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It’s That Gift-Giving Time of Year Again

Views and opinions expressed in this column are solely those of the AFSA Retiree VP.


or (703) 437-7881

Like most parents and grand-

parents, I am concerned

about the financial security of

my kids. The challenge they

face is no secret. A smaller

and smaller share of govern-

ment budgets goes to the

younger generation as spend-

ing on the elderly, especially

on healthcare, crowds out

other expenditures.

As Catherine Rampell

noted in the

Washington Post


an increase in the share of

elderly in any jurisdiction cor-

relates to a significant reduc-

tion in education spending

per child. And thanks to the

baby boomers, we are seeing

more elderly around.

Meanwhile, millennials

are increasingly saddled with

unsustainable student loan

debt. Their wages, if they

receive any, are often stag-

nant. Ever-increasing housing

costs may make any kind of

home ownership out of reach

for many. Pension plans are

almost extinct in the private


Meanwhile, retirement

plans for new federal employ-

ees are significantly less

generous than the plans we

currently enjoy. Without help,

our children and grandchil-

dren confront steeper climbs

than we faced to a comfort-

able retirement.

I o’er a suggestion for

parents and grandparents.

Take a step back from ordi-

nary holiday consumption

and make a real investment

in their future. In a calen-

dar year you can give up to

$14,000 to any person and

not be subject to the gift tax.

My mother recently gifted

each of her 10 grandchildren

$5,000. But there was a

stipulation: the money could

be used for either paying

down student loan debt

and/or placement in an IRA,

preferably a Roth IRA. (Note:

to be eligible to contribute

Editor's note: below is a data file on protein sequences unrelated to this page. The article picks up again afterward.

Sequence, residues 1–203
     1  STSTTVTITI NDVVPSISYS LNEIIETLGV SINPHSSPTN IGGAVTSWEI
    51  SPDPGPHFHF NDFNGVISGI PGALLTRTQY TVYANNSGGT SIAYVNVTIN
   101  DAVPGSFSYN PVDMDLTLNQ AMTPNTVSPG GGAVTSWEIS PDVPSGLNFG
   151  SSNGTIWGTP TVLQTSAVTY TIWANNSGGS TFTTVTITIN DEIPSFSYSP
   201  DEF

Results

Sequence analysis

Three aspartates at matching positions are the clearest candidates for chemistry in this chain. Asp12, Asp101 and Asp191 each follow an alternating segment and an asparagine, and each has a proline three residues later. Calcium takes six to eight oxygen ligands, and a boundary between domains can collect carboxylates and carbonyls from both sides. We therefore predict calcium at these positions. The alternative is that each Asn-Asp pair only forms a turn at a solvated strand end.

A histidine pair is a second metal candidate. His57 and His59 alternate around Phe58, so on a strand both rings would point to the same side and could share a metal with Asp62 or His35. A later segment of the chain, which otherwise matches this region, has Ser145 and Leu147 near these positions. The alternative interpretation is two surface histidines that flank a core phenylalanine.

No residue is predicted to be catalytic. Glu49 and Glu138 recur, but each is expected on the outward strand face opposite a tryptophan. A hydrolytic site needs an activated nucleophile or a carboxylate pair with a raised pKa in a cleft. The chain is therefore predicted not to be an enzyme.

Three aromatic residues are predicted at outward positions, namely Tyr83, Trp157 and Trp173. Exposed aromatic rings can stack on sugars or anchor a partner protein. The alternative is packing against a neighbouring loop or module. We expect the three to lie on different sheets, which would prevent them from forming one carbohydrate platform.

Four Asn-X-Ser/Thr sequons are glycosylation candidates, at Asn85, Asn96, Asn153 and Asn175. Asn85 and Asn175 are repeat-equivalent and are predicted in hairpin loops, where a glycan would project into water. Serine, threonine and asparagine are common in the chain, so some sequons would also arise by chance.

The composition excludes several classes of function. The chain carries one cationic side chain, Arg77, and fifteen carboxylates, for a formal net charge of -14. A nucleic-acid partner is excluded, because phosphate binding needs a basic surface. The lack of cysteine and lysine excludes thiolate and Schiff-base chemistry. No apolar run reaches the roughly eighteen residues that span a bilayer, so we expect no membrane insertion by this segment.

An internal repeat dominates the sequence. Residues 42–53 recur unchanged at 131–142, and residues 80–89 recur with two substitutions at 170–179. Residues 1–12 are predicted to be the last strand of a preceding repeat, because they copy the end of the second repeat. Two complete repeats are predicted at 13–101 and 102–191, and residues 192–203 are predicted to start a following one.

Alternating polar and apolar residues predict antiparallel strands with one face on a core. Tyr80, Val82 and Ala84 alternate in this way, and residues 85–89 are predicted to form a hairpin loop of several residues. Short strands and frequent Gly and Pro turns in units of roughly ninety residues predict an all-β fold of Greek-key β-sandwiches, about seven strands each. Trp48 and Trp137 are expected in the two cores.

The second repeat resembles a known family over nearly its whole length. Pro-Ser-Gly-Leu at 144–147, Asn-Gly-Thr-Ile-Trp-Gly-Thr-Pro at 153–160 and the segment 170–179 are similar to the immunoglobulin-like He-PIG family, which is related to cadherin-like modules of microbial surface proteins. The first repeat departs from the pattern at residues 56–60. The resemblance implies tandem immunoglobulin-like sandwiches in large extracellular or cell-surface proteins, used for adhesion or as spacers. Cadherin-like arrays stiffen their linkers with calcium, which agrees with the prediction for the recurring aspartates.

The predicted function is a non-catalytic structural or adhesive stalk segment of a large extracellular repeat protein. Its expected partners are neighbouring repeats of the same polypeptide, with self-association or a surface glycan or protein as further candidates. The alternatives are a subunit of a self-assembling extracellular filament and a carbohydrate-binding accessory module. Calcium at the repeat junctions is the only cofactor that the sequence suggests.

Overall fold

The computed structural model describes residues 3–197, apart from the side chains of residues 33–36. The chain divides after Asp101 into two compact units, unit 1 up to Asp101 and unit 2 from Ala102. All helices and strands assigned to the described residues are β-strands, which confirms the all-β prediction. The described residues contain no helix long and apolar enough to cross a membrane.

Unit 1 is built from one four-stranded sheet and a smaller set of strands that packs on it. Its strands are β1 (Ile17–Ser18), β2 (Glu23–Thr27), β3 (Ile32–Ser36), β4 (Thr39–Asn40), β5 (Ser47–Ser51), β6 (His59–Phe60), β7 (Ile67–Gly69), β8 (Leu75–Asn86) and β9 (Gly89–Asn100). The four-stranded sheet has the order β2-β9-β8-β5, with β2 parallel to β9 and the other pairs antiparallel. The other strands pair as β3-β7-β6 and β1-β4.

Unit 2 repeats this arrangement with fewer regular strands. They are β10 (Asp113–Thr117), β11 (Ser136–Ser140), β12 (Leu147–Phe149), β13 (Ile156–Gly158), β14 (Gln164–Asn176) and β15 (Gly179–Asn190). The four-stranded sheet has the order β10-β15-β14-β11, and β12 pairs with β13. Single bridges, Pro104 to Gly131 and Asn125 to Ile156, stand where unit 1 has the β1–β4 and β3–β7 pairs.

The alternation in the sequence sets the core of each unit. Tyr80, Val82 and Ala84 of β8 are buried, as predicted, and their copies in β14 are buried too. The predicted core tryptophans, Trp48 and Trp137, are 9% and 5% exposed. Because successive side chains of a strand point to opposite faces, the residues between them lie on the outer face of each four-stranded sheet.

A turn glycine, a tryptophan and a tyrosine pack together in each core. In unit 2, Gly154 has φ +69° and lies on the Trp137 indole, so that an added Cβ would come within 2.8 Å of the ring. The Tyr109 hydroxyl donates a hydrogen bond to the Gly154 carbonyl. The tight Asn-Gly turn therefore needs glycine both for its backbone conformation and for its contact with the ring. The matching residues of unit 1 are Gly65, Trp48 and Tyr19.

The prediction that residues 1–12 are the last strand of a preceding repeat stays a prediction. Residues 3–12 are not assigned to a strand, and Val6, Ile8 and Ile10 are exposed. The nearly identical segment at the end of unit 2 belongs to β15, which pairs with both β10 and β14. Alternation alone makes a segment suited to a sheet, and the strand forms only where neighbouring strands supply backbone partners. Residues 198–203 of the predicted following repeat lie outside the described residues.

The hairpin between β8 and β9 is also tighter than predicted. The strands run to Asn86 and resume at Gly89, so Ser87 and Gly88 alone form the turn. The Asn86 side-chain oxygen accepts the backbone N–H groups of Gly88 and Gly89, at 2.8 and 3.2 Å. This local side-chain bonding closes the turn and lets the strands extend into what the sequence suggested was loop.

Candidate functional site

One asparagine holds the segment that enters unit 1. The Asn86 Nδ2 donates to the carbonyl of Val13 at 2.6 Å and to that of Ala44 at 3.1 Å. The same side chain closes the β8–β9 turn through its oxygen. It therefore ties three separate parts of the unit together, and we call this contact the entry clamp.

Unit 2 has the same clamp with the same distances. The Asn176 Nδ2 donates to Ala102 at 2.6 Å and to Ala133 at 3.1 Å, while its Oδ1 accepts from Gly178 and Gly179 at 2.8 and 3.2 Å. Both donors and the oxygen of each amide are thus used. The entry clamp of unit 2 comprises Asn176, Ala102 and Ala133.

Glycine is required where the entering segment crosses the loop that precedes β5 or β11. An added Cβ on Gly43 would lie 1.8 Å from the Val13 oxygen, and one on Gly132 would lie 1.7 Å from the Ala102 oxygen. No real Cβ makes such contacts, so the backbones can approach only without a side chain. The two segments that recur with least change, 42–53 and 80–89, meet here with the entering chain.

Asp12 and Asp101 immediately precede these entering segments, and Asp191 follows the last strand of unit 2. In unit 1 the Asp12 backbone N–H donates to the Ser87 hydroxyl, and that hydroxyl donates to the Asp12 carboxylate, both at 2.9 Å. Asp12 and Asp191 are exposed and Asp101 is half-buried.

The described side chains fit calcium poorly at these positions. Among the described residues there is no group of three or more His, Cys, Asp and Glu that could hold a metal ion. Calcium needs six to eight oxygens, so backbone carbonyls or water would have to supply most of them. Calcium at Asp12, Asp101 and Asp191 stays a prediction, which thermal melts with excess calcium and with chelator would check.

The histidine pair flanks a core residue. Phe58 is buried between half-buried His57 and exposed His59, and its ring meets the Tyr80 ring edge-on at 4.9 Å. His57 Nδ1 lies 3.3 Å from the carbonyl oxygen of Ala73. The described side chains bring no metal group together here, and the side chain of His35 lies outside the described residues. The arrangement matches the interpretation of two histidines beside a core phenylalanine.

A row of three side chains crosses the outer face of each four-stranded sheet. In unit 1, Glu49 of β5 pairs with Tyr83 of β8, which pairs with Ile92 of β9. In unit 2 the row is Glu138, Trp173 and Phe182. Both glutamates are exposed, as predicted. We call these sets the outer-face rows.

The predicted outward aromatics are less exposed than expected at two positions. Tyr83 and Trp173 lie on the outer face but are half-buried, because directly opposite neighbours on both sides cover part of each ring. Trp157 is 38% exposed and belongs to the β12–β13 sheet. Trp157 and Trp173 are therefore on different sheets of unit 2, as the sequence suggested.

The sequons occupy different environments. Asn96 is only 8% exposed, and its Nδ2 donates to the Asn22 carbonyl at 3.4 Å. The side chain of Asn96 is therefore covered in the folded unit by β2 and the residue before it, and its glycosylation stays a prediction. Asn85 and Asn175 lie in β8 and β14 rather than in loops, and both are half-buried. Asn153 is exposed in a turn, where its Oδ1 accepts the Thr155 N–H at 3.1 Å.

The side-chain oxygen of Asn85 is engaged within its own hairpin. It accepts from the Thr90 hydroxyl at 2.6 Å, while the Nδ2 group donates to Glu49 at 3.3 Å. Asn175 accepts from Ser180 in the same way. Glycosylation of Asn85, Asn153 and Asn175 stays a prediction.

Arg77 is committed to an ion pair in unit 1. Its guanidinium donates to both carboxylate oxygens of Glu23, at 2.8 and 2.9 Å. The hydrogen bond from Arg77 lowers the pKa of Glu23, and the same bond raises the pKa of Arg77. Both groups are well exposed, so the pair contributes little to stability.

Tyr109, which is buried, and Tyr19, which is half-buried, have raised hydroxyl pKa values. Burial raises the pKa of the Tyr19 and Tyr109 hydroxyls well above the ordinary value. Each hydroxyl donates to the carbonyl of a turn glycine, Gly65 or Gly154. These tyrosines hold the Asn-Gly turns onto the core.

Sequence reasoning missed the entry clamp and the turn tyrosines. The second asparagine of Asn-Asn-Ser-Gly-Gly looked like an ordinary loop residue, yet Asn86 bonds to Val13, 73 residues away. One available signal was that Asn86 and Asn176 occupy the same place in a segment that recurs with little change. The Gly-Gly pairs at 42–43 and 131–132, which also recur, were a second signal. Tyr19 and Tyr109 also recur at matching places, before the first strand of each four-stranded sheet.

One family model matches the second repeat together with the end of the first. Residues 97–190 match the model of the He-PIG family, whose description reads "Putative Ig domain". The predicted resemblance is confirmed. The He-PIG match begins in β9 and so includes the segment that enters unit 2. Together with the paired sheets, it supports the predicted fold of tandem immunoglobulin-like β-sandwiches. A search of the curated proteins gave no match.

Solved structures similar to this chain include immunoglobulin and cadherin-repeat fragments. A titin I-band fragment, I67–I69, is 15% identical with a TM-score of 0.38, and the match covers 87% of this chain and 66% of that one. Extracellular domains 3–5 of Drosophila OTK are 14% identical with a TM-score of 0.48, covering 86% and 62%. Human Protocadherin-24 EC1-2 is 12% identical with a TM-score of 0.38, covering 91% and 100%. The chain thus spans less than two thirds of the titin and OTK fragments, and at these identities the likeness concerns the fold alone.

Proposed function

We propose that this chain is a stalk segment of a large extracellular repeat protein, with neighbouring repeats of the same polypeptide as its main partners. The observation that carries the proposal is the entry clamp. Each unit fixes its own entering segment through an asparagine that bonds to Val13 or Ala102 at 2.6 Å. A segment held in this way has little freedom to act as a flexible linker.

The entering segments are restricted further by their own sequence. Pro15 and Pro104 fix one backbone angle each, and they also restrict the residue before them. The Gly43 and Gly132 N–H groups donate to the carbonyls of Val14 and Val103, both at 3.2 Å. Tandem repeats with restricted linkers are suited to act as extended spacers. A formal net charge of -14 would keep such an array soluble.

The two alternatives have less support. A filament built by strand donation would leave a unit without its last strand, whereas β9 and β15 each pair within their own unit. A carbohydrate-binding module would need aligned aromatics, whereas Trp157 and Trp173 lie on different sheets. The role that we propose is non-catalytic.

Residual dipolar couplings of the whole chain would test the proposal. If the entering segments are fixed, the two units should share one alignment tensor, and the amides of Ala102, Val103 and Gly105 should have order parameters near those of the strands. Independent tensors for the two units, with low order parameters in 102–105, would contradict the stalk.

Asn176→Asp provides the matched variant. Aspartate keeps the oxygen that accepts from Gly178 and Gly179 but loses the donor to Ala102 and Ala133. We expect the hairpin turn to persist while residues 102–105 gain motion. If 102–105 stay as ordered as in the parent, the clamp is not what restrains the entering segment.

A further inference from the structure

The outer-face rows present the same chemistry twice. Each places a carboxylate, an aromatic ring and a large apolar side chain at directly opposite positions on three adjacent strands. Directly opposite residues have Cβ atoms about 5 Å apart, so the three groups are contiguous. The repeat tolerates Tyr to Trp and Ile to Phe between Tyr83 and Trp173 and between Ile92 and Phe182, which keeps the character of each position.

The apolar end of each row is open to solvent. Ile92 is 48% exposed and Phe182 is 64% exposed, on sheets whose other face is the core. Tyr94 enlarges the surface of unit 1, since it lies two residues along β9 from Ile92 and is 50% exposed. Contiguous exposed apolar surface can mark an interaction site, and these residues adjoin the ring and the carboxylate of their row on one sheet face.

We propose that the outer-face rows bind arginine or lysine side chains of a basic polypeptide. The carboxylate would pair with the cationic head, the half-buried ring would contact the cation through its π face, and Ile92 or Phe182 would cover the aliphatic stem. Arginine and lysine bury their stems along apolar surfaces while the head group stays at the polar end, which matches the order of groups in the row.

to an IRA, the person must

receive earned income/com-

pensation equal to or greater

than the amount of the IRA


Think about it. With a Roth

IRA, a child of 25 will accrue

four-plus decades of tax-free

earnings on the account by

the time he or she retires. An

investment of $10,000 in year

zero yields $217,200 after

40 years at just an 8 percent

return rate.

Suppose you are about

to have a grandchild. Set-

ting aside just $1,000 in

an investment returning 12

percent—an ambitious target,

certainly—would accrue $1.6

million when the child turns

65. Talk about a gift that

keeps on giving!

If the child has no earned

income, consider contribut-

ing to his or her 529 Educa-

tion Savings Plan. The cost

of a college education will no

doubt continue its inexorable

climb. For those who are

reluctant, remember 529

plans have a unique advan-

tage. While the value of the

account is removed from your

taxable estate, you retain

full control over the account,

including the right to get your

money back.

As the account owner, you

designate the beneficiary—

be it a child or grandchild,

a niece or nephew, or even

yourself!—and you retain

complete control over the

funds in the account, includ-

ing distribution.

You can change the benefi-

ciary whenever you choose.

Once you set up a 529 college

savings plan, other family

members and friends can

also contribute. This is a great

way for families to come

together to help give the gift

of a college education.

Remember, 529 funds

grow tax free. If the funds are

withdrawn before being used

for the beneficiary’s educa-

tion expenses, they become


Finally, in addition to

investing in family members,

consider investing in another

worthy cause, the AFSA

Scholarship Fund.

A donation to the fund

enables Foreign Service high

school students to continue

their academic achievement

as undergraduates. More

information about this can

be found at






AFSA proudly recognizes constructive dissent within

the systemwith four separate awards.


W. Averell Harriman Award

is for entry-level

(FS-6 through FS-4) ožcers; the

William R. Rivkin


is for mid-level (FS-3 through FS-1) ožcers;


Christian A. Herter Award

is for Senior Foreign

Service ožcers; and the

F. Allen “Tex” Harris Award

is for Foreign Service specialists.

Recipients receive prize money and travel

expenses to attend and be honored at a ceremony in

June in the Benjamin Franklin Diplomatic Reception

Room at the State Department.

Nominate someone—or yourself!—for one of

these awards. The nomination deadline is Feb. 28,

2015. For more details on the awards, and to sub-

mit an online nomination, visit

sent. Please contact Special Awards and Outreach

Coordinator Perri Green, at

or (202)

719-9700, for more information.